Published in October 2018 by Art in Liverpool as part of the Independents Biennial 2018
Where Can You Find More Fantasy Short Stories?
The internet is awash with fantasy short stories that you can read for free online or in magazines and journals.
One of the best places to begin your search is my list of fantasy magazines. Here you can find over 200 different publishers of quality speculative fiction (as well as other genres too, such as horror and sci fi). There’s a broad range of publisher sizes too, from indie online presses to award-winning presses and imprints of the top publishers.
I highly recommend checking out Beneath Ceaseless Skies and Clarkesworld, which are two of the biggest and most prolific publishers of short fantasy stories.
Once you find a publisher you like, you can find stories on their websites to read for free. You can also subscribe to their newsletter to receive updates on new stories or to receive short stories directly.
Another option is to follow your favorite writers either on social media or via their newsletter. Lots of writers produce short stories on a regular basis which they share with their followers (sometimes exclusively). So to be sure you don’t miss out, sign up to their mailing list.
What’s The Best Fantasy Short Story?
There are many stories that have a claim as the best fantasy short story. However, some people might read them and fail to see the attraction. Reading is inherently subjective and what one person may like another may detest.
However, there are some stories that are worth reading, if not to gain an understanding as to why they’re regarded so highly.
Here’s a breakdown of some of the best and most popular fantasy short stories:
- Snow White by The Brothers Grimm – Jacob and Wilhelm Grimm collected an impressive number of fairy tales over the years, but arguably their most fantastical story is the classic tale of Snow White, complete with dwarfs, queens that resurrect from the date, and a talking mirror.
- The Fortress Unvanquishable, Save for Sacnoth by Lord Dunsany – Edward Plunkett, better known as Lord Dunsany, was an early writer of fantasy stories. He created his own pantheon of goddesses and gods which helped inspire his stories. This tale is an example of the sword and sorcery fantasy subgenre. It involves a quest into the magical castle ‘Fortress Unvanquishable’ to recover a powerful sword named Sacnoth.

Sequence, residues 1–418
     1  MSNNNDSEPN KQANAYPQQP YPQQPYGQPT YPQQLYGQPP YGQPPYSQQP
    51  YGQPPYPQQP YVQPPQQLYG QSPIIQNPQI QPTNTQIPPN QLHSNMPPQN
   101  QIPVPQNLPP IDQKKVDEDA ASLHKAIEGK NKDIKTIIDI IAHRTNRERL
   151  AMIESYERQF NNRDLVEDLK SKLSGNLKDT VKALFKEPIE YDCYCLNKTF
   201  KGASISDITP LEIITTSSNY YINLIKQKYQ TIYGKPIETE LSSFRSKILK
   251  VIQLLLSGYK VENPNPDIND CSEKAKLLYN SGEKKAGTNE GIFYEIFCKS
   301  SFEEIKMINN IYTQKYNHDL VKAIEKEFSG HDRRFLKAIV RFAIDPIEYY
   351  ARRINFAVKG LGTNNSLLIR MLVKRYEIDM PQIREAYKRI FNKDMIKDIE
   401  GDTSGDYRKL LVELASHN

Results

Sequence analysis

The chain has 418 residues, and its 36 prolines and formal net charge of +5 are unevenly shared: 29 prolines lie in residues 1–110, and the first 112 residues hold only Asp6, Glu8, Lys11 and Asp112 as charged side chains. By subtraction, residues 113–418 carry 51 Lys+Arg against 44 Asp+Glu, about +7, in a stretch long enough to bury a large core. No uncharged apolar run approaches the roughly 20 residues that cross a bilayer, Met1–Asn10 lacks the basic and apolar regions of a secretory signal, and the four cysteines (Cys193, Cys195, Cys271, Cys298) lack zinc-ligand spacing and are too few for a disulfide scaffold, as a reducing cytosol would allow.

- Leaf By Niggle by JRR Tolkien – Well-known for his more epic fantasy novels, Tolkien also wrote short stories, including ‘Leaf By Niggle’ which many regard as an allegory for Tolkien’s struggles with writing. However, Tolkien didn’t like allegories, but the story reflects on Niggle’s (a painter) challenges with others thwarting his ambitions.
- The Ones Who Walk Away from Omelas by Ursula K. Le Guin – The talented Le Guin was prolific in both the fantasy and sci fi genres, penning stories that explore philosophical and ethical issues. Omelas is a society in which everyone is happy. But there’s a dark secret—that happiness is dependent on the suffering of an incarcerated child who lives a miserable life. But they must be miserable in order for everyone else to be happy.
These are just a handful of examples of some of the best fantasy short stories around. You can find many more if you do a bit of digging.
Learn More About My Short Fantasy Stories
If you’d like to learn more about my fantasy short stories, then I encourage you to join my newsletter. Everyone who joins will receive dozens of free short stories (mostly fantasy but crossing genres too).
To join, simply click here.